This GMS Flash Alert reports on how the final PFIC regulations compare to the proposed regulations and in what ways they depart from them.
On December 28, 2016, the U.S. Department of the Treasury and the Internal Revenue Service (IRS) issued final regulations that provide guidance on the annual reporting requirements for U.S. persons that own interests in passive foreign investment companies (PFICs).1
The final regulations retain the basic approach as the temporary regulations issued in 2013,2 with certain revisions and clarifications. These include:
Additional revisions and clarifications contained in the final regulations are discussed below.
Form 8621, the annual PFIC information report, is considered part of the U.S. income tax return. A U.S. income tax return is not complete unless the Form 8621, if required, is attached. The final regulations provide clarification on how to comply with annual PFIC information reporting and, in some cases, provides welcome relief from the annual reporting requirement.
The HIRE Act of 2010 added section 1298(f) to the U.S. Internal Revenue Code (the “Code”). This provision requires all U.S. persons who are shareholders of a PFIC to report their ownership of the PFIC on Form 8621 even when there is no other requirement to file Form 8621, such as receipt of an excess distribution or making the qualified electing fund or mark-to-market elections. Section 1298(f) was effective as of March 18, 2010.
On December 31, 2013,3 the IRS and the Treasury issued temporary regulations which provided guidance for the annual filing requirement for shareholders of PFICs including the time and manner for filing Form 8621for tax years ending on or after December 31, 2013.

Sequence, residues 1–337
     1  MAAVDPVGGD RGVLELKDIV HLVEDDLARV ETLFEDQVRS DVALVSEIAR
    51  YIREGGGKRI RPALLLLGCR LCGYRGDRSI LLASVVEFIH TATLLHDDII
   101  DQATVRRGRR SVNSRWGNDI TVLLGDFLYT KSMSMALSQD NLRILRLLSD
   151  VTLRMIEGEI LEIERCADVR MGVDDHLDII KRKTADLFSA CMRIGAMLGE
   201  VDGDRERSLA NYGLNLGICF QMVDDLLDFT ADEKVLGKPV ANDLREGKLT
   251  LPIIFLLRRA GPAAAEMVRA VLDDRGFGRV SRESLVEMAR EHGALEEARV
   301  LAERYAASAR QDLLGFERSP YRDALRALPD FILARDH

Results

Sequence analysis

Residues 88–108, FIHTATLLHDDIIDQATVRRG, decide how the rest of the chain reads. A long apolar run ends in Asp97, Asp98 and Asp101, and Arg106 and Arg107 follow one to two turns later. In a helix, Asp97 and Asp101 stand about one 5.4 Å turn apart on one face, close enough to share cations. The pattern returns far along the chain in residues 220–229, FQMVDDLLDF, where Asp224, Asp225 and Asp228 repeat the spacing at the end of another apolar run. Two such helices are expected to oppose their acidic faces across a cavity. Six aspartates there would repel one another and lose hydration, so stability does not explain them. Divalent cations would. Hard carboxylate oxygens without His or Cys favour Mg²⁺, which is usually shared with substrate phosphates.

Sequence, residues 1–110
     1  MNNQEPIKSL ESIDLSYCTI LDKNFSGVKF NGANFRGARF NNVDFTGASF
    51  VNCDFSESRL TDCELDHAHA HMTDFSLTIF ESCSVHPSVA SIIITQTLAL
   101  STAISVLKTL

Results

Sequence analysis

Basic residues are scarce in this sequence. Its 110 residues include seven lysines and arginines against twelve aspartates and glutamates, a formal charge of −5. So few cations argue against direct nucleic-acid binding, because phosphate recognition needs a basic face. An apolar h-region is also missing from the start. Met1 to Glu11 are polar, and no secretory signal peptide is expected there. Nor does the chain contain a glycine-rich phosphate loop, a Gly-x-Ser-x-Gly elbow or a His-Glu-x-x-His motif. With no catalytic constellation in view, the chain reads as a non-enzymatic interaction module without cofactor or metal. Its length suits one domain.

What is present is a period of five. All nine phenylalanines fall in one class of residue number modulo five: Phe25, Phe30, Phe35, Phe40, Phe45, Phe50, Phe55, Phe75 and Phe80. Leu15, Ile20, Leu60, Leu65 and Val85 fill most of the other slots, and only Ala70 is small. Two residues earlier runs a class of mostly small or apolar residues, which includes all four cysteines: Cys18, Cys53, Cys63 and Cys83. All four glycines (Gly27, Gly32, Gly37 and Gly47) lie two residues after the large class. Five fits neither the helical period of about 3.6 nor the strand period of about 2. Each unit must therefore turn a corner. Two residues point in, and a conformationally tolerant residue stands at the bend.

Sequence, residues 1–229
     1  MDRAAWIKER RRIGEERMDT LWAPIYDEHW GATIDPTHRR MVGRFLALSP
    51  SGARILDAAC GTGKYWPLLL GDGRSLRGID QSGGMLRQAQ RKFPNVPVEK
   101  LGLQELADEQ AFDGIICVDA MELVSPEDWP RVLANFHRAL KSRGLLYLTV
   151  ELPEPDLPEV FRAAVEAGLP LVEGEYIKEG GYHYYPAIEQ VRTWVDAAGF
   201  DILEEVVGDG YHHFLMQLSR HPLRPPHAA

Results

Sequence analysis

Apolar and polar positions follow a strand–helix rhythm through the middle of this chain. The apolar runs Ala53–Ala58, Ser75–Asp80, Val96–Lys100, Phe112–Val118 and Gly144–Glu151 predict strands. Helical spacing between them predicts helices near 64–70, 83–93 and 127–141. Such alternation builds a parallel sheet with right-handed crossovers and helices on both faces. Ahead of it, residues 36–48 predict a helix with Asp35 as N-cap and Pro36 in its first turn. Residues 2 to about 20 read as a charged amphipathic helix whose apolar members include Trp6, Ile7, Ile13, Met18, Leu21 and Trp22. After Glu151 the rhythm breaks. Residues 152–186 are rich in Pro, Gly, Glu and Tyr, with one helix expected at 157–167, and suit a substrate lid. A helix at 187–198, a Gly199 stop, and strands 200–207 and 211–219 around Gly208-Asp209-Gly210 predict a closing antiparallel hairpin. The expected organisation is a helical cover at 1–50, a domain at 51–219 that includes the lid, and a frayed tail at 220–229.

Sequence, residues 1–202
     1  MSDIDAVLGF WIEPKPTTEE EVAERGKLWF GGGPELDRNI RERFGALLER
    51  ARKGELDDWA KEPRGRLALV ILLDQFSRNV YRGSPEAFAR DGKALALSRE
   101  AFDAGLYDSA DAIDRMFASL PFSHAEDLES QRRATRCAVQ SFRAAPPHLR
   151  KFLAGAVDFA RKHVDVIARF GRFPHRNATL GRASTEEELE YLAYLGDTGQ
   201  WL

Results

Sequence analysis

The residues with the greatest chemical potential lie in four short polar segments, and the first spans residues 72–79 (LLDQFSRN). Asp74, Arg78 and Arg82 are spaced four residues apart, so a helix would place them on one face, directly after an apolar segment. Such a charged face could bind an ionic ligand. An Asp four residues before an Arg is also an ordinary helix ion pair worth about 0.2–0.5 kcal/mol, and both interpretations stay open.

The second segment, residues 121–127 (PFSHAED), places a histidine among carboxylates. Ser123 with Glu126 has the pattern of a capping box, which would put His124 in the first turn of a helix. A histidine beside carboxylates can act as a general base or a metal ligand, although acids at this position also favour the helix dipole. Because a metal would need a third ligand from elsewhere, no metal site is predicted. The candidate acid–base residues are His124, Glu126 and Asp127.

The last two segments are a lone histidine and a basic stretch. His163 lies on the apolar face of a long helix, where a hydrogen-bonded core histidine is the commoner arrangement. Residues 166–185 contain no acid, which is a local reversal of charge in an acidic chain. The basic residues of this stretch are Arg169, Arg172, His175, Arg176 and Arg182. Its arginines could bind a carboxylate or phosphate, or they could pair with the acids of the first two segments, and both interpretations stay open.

The final regulations provide that a U.S. person that owns stock of a PFIC through certain U.S.-based tax exempt organizations or accounts (including U.S. non-profit entities and U.S. qualified pension, profit-sharing and stock bonus plans) is not treated as a shareholder of the PFIC. These shareholders are not subject to the PFIC tax rules or the PFIC information reporting requirements.
The final regulations clarify that a U.S. person that owns a PFIC but is not otherwise required to file a U.S. tax return must still file Form 8621 in accordance with the form instructions.
The final regulations require that a U.S. person owning multiple PFICs must file a separate Form 8621 for each PFIC.
KPMG LLP (U.S.) submitted a comment to the IRS recommending that the final regulations allow a U.S. person owning multiple PFICs to file a consolidated Form 8621, which would include all relevant information on a supporting schedule attached to the form. This approach would alleviate the administrative burden and financial cost of preparing and filing multiple Forms 8621. This recommendation was not adopted in the final regulations.
Dual-resident taxpayers who are treated as residents of another country pursuant to an income tax treaty – The final regulations provide an exemption from the annual PFIC information reporting requirement for certain dual-resident taxpayers who are treated as U.S. nonresidents under the provisions of an income tax treaty (commonly known as “treaty tie-breaker aliens”) and who properly file Form 8833, Treaty-Based Return Position Disclosure Under Section 6114 or 7701(b) for the portion of the tax year that the individual is taxed as a nonresident.